Here’s What You Need to Know About HIV Drug Resistance

If you’re living with HIV, you’ve likely heard about HIV drug resistance. Maybe your HIV provider has even talked to you about HIV drug resistance testing. But what is drug resistance? How common is it, should you be worried about it, and more importantly—what can you do to prevent it?

Lots of HIV meds spilling out of bottleHIV drug resistance is a problem because it means that the type of HIV you have is “resistant” to, or isn’t affected by, a particular type of HIV medication. Drug resistance can limit the treatment options that will work for a person.

In this article, we provide a low-down on HIV drug resistance, including what it is and how you get tested for it. We also have advice from HIV clinicians on prevention and what to do if you do develop HIV drug resistance.

What is HIV drug resistance?

HIV medications work by preventing the virus from replicating (making copies of itself). When a particular strain of HIV is able to make copies of itself, even in the presence of a particular antiretroviral, we say that it is “drug resistant.”

HIV drug resistance isn’t a blanket condition. People living with HIV may have one or more drug-resistant mutations that make them less sensitive to one or more antiretrovirals. For example, if people have protease mutations, their HIV is resistant to protease inhibitors, meaning that a drug like darunavir (Prezista), a protease inhibitor, may not work for them. People with reverse transcriptase mutations may be resistant to a drug like emtricitabine/TDF (Truvada), a nucleoside reverse transcriptase inhibitor.

Because antiretrovirals in the same “class” (for instance two different types of NNRTIs) prevent HIV from replicating in the same way, if the virus becomes resistant to one drug within that class, it can become partially- or fully-resistant to all drugs within that class. For example, a person that develops HIV drug resistance to Prezista may also be resistant to atazanavir (Reyataz), because they are both protease inhibitors.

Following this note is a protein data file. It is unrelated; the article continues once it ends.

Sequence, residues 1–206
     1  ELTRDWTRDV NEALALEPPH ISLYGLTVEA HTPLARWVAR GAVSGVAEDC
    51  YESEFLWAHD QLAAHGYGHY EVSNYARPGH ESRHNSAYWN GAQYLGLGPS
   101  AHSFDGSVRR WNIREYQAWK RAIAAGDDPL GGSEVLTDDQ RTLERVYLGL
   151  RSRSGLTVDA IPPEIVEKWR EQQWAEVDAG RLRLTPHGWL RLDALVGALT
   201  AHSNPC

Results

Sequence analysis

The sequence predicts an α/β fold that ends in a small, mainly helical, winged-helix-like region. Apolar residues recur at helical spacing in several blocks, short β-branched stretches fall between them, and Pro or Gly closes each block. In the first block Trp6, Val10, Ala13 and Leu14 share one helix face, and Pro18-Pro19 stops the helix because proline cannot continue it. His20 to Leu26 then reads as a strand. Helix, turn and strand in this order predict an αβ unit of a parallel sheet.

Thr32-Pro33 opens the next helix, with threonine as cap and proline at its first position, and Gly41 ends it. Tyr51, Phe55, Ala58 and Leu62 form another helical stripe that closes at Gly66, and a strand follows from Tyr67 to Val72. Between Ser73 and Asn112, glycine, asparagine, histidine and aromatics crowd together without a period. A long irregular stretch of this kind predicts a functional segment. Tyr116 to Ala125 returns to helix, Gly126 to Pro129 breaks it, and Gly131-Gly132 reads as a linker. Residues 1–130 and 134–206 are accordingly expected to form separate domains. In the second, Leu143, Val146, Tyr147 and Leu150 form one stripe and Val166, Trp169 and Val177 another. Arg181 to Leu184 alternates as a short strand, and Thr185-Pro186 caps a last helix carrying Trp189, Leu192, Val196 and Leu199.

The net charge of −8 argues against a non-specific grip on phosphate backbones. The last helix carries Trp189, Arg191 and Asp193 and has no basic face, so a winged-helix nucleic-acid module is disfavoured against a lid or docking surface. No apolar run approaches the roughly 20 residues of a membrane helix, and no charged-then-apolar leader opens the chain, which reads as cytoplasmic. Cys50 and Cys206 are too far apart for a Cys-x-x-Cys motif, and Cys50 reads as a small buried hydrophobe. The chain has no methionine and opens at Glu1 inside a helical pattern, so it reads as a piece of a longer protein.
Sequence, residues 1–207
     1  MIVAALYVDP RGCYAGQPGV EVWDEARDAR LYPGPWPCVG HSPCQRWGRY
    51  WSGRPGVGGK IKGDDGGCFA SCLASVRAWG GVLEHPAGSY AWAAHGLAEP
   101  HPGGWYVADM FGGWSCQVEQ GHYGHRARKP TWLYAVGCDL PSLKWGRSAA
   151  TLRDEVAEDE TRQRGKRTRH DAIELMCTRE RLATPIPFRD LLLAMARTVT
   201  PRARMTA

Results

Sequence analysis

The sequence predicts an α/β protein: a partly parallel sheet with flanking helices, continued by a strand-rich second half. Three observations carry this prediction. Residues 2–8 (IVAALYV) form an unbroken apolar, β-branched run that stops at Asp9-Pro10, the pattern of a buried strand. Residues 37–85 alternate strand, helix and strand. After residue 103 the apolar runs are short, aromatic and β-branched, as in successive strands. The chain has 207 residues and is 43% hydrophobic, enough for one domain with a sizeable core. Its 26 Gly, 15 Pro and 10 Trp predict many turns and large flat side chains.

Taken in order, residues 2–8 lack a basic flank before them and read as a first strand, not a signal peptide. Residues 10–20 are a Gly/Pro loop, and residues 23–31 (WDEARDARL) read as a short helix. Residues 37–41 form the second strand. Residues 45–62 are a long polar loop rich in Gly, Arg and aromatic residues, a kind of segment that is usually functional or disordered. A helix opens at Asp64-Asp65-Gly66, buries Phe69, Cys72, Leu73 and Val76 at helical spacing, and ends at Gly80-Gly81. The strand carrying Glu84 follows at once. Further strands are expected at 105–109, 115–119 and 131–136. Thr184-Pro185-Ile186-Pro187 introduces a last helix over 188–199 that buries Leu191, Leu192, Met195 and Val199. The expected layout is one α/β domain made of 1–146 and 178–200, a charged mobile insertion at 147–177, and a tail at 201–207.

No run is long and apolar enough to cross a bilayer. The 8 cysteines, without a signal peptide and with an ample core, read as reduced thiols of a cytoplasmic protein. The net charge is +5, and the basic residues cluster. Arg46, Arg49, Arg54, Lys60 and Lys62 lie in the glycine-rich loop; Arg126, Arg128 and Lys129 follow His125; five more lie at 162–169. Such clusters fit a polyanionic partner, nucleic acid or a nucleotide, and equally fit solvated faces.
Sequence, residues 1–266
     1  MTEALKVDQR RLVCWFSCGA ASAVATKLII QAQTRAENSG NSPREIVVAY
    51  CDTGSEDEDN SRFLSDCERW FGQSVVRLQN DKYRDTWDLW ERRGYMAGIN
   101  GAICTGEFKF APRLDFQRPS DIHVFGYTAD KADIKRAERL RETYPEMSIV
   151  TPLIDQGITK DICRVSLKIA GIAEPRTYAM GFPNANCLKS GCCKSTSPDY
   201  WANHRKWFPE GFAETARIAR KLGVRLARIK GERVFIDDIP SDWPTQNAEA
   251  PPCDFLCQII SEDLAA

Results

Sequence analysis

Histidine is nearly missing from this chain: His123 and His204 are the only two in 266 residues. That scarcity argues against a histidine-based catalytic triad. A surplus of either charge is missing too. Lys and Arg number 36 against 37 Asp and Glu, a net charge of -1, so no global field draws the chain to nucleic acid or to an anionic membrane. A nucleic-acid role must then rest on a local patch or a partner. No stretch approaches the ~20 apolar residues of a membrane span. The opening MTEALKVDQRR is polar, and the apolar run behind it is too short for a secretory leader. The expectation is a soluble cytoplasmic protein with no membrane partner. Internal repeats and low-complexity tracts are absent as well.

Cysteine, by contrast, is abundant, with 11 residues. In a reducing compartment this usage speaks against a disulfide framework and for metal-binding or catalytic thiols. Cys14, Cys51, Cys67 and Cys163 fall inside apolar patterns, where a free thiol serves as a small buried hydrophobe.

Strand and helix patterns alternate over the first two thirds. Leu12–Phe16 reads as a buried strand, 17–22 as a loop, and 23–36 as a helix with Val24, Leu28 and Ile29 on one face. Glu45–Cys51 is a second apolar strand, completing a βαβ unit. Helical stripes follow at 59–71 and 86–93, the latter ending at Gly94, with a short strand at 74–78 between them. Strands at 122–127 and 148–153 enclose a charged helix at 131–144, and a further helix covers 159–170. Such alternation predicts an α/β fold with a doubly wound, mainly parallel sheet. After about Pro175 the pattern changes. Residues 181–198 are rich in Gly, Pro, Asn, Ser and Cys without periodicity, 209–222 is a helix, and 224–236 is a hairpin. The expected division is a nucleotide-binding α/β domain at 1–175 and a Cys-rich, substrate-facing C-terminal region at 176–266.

How bad is drug resistance? Is it something I should worry about?

“Mostly no major harm is done if someone develops or even acquires drug resistant HIV. Usually there are other meds that will work,” said David Alain Wohl, MD, a professor in the Division of Infectious Diseases at the University of North Carolina at Chapel Hill. “But with more resistance comes fewer second chances and less flexibility. That means we may have to use drugs that are harder to take or have more side effects. In rare but not unheard-of cases, people run out of options.”

Fortunately, newer HIV medications are less likely to produce drug resistance mutations than older HIV medications.

“Today’s HIV treatments work, really well. Once common, HIV drug resistance has become a quite uncommon thing for patients taking modern medications, even among those with less than perfect adherence,” Benjamin Young, MD, PhD, senior vice president and chief medical officer of the International Association of Providers in AIDS Care (IAPAC), told BETA.

In addition, some of the newer drugs today are particularly resistant to resistance.

“Drug resistance is particularly uncommon among people taking first-line HIV integrase inhibitors. This appears to be especially true for dolutegravir (Tivicay), where only a single case of treatment-emergent resistance has been reported during initial treatment. With today’s treatment options, dealing with drug resistant virus is easier, with potent and well-tolerated second-line options,” said Young.

How do people develop drug resistance?

Acquired HIV drug resistance can happen when a person has HIV that is replicating (making copies of itself), but is also taking a particular antiretroviral medication. HIV can mutate “around” that medication. This will result in HIV being resistant to the medications and those medications now being ineffective. In most studies, more than 70 – 80% of people with virological failure develop acquired HIV drug resistance. (Keep in mind that once a person becomes virally suppressed, these drug resistant mutations are no longer an issue.)